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Adrian Piper, Everything #2.8, 2003.
Adrian Piper, Everything #2.8, 2003.

Munich’s Haus der Kunst Under Scrutiny

After canceling its Joan Jonas exhibition traveling from Tate London in August, Munich’s Haus der Kunst (HdK) canceled its forthcoming installation of the Adrian Piper retrospective traveling from the Museum of Modern Art, citing “a difficult financial situation stemming from management errors of the past.” Shortly before Christmas, the institution announced that it would present a major exhibition by German artist Markus Lüpertz in their place.

In the Süddeutsche Zeitung (SZ) last week, Jörg Heiser raised questions about how the institution had funds for the Lüpertz show despite its previous claims of austerity, as well as concerns about the institution’s commercialization and dependence on private art-consultancy firms. Heiser also wrote that the decisions may indicate a return to a pattern of showing “the established figures of the art world, who are above all German men.” Lüpertz is represented by Michael Werner gallery, which represents only men, and most of the works in HdK’s current Jörg Immendorff show are also on loan from the dealer.

The institution informed SZ that it could not move forward with the Jonas and Piper exhibitions because if it received any additional funding the monies would first have to go toward paying off its debts. In order to stage the Lüpertz show, HdK had to secure a sponsor. Walter Smerling, chairman of the controversial private think tank Foundation for Art and Culture Bonn, pledged to finance the exhibition. “If the necessary budget is known,” he wrote in an email cited by Heiser, “we will ask our members and ask for appropriate support.”

Over the years, Smerling’s foundation has been involved in staging shows such as the Kunsthalle Bonn’s Anselm Kiefer exhibition, comprised nearly entirely of work borrowed from the private collection of a client, Hans Grother, for whom Sterling works as a private consultant. This controversy led to the dismissal of Kunsthalle Bonn’s then-director Robert Fleck, which Monopol reports was the decision of Bernhard Spies, the former managing director of the Bonn institution. An exhibition of Lüpertz’s work followed shortly after Spies joined Bonn in 2008, after which a large-scale exhibition of Rosemarie Trockel’s work was canceled without explanation.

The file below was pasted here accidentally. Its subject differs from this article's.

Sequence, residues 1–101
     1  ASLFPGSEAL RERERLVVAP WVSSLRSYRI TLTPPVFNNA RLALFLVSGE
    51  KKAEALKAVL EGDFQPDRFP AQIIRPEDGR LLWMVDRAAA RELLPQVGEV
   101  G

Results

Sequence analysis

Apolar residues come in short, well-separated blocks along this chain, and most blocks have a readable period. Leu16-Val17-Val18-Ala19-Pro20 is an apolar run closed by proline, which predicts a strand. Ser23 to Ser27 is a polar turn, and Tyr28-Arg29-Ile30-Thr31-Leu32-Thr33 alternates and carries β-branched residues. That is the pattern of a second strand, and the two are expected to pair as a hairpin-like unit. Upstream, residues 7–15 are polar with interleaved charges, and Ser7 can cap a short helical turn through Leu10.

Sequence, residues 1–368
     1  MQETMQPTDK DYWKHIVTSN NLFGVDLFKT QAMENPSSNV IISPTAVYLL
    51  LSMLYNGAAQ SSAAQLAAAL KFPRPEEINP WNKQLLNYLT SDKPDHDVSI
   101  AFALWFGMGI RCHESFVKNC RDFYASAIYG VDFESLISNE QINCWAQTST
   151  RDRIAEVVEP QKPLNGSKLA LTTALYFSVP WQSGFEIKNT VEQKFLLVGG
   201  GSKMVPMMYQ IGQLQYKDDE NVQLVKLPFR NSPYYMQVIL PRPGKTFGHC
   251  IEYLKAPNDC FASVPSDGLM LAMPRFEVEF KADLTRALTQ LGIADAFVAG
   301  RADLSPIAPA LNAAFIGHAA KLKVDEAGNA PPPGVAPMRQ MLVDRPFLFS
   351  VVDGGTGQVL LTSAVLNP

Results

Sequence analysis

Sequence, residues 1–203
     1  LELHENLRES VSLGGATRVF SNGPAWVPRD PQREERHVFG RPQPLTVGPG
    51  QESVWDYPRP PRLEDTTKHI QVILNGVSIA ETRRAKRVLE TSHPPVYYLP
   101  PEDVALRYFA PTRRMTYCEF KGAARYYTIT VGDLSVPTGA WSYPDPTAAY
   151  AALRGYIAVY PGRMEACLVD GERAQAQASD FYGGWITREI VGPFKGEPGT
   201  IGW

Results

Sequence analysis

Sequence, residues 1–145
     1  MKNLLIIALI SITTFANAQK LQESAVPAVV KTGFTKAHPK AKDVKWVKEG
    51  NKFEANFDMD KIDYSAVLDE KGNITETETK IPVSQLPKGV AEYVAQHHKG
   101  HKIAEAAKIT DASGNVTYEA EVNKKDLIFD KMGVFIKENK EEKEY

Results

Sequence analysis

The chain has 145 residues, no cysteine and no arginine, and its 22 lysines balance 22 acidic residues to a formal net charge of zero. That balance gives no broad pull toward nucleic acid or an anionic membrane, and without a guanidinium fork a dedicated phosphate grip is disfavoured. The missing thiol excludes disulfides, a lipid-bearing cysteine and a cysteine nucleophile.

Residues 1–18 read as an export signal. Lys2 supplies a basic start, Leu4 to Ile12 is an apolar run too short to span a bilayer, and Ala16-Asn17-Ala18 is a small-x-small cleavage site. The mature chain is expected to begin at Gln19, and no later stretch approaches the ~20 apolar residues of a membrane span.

Earlier in 2018, the Bavarian culture ministry appointed Spies, known as an experienced fiscal crisis manager in the German art world, as HdK’s commercial director. Spies’s appointment came weeks after the resignation of director Okwui Enwezor, who, citing health reasons, stepped down from his post in June 2018, three years before the end of his contract. 

“The vacuum is the crisis,” Enwezor told SZ, speaking about HdK’s recent decisions and the power vacuum left in the wake of his resignation and that of chief curator Ulrich Wilmes, who resigned in October 2018. There is no longer any “intellectual direction,” he continued; it has been replaced with “illiberal and non-transparent decisions.”

In a written statement to the German newspaper, Piper said: “I would never have thought that an institution of the rank of the Haus der Kunst would have no scruples about making such an arbitrary decision affecting the public. Mr. Spies’ behaviour towards Okwui, then towards the exhibition of Joan and mine seems to me to be due to a total lack of awareness of the unprofessional impression this leaves on colleagues in the art world. I don’t see how all this can be good for the HdK’s long-term reputation.”